Surviving A Hurricane

Hurricane_Symbol_BeveledThe past few days out here on the East Coast have been spent dealing with Hurricane Sandy and all the hoopla that surrounds such an event. I don’t mean to diminish the severity of the destruction of the storm, but a hurricane no doubt gets the attention of over zealous meteorologists. Hurricanes are bad storms.  Property is damaged; weather patterns change hundreds of miles away; and in unfortunate situations human life is lost.  I’m not saying that a hurricane doesn’t deserve the attention it gets.  I just often wonder why we don’t give the same amount attention to the one thing that matters more than all the rest – our health.

Life Is A Hurricane

As I sat and watched some of the events of the storm unfold, I couldn’t help but see the similar characteristics to our own health. With the advances in technology, we’re now able to predict the occurrence, magnitude, and general direction of the storm before it hits to give people ample time to prepare for safety. Unfortunately, the same can’t be said for our health. Life is unfortunately a lot like a hurricane.  Often times the warning signs are there, though usually ignored or belittled, and action is taken only when it is too late. Our health is not a guarantee or an entitlement. It is ours to nourish, grow, and appreciate as much as we can within our control. Sadly, there are circumstances beyond our control just as with a hurricane, but aside from causing the winds to shift, we have a much better chance in determining where our health ends up.

Heed The Warning Signs

One of my favorite quotes says, “We don’t stop playing because we get old; we get old because we stop playing.” As a fitness professional, I often hear a million excuses why someone doesn’t exercise and their age is a top five. “I’m too old.” “I can’t do that at my age.” There’s your first sign. The mentality is all wrong.  The only one who says you can’t do something is you. It has absolutely nothing to do with hitting the gym or running a marathon.  It’s simple, basic physical activity, and when that diminishes it sets up the brew for a perfect storm.

So what does lack of physical activity cause? For starters;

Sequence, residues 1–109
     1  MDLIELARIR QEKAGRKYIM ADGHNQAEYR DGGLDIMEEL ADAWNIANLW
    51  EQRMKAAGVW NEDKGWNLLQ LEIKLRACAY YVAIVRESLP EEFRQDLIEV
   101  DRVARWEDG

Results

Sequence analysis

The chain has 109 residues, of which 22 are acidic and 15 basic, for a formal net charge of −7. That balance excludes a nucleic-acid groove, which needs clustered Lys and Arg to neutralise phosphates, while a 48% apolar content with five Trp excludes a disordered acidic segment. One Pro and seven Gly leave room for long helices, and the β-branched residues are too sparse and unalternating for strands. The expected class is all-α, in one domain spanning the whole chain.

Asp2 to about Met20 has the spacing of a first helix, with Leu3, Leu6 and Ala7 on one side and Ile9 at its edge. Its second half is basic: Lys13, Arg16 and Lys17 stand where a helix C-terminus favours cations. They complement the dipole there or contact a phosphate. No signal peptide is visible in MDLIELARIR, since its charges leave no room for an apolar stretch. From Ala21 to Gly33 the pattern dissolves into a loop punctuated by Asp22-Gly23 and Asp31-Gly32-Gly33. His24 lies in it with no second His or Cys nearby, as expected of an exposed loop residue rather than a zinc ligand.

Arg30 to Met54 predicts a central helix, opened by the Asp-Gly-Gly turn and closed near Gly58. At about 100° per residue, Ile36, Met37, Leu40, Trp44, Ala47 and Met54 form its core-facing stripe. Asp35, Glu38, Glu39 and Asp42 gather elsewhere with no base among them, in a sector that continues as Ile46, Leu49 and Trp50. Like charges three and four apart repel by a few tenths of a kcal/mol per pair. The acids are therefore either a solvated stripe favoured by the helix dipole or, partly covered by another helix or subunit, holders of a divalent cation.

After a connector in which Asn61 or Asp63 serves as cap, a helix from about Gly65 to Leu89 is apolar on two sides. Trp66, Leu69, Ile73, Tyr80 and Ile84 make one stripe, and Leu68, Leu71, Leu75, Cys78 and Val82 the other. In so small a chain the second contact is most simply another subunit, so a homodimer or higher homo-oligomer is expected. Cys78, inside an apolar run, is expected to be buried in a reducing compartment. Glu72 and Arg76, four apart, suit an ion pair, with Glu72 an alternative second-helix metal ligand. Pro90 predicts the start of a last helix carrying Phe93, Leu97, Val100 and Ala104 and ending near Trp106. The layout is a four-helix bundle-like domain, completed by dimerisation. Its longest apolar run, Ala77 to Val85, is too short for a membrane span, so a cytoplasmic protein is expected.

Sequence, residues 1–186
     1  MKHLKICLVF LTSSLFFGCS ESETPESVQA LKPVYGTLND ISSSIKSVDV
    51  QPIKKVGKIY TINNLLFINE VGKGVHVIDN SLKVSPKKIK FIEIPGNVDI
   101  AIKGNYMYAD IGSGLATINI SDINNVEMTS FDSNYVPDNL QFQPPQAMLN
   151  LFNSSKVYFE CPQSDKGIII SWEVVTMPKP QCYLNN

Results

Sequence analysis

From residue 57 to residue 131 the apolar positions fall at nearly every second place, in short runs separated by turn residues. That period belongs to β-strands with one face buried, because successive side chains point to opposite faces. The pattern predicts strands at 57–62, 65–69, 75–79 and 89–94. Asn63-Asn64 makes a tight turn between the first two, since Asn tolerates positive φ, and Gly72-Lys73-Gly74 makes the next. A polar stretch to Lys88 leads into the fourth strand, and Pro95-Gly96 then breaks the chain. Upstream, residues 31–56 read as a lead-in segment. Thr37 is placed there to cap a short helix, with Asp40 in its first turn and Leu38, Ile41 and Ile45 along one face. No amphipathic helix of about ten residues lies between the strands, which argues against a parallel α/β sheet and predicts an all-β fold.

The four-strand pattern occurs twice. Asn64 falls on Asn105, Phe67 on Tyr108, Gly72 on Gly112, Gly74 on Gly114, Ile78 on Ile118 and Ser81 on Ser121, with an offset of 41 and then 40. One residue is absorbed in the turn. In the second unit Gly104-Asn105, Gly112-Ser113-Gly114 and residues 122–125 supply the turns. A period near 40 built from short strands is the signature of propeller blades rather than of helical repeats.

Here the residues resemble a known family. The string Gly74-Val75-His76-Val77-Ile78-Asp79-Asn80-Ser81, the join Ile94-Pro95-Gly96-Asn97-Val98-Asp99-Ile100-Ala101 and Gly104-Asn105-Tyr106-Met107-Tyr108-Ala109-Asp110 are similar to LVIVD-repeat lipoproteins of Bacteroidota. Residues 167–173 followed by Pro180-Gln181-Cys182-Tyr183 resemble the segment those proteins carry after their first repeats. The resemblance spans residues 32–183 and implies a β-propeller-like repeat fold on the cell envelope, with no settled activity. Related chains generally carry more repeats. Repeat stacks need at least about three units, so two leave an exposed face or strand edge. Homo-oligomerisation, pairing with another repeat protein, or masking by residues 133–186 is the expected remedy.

• 1 in 10 deaths
  • 7-10% chance of developing Type 2 diabetes
  • 10-14% chance of developing breast and/or colon cancers
  • Increase in weight gain
  • Increase in adipose (fat) tissue
  • Poor venous (circulatory) return
  • Decreased pulmonary function
  • Increased lean tissue loss
  • Increased blood pressure
  • Increased insomnia
  • Decrease in cognitive function
  • Decreased libido and sexual performance

The list goes on and in most instances, it’s not a one and done type event but a chain reaction of events. In a recent study published in The Lancet in July of 2012, lack of physical activity has been shown to be as deadly as cigarette smoking. The choice seems simple: Take action and be prepared for whatever the hurricane brings you or, sit and hope the storm doesn’t hit you too hard.

Move It Now

Exercise – let me clarify – physical activity is and should be a daily function.  How you get it and what you do is completely up to you.  Do what you enjoy, explore new options, and most importantly, stop focusing on weight issues. That’s right! When you do the things you’re supposed to do and don’t get wrapped up in the silliness that modern fitness has become, real fitness makes no judgment.  Good things can and will happen. Ultimately, it is your choice and it’s not because of your age, but because you shouldn’t settle for anything less than better.

 

Til next time, train smart, eat well, and be better.

 

My 2012 Fitness Challenge personal update – 30,400 push ups done as of publishing time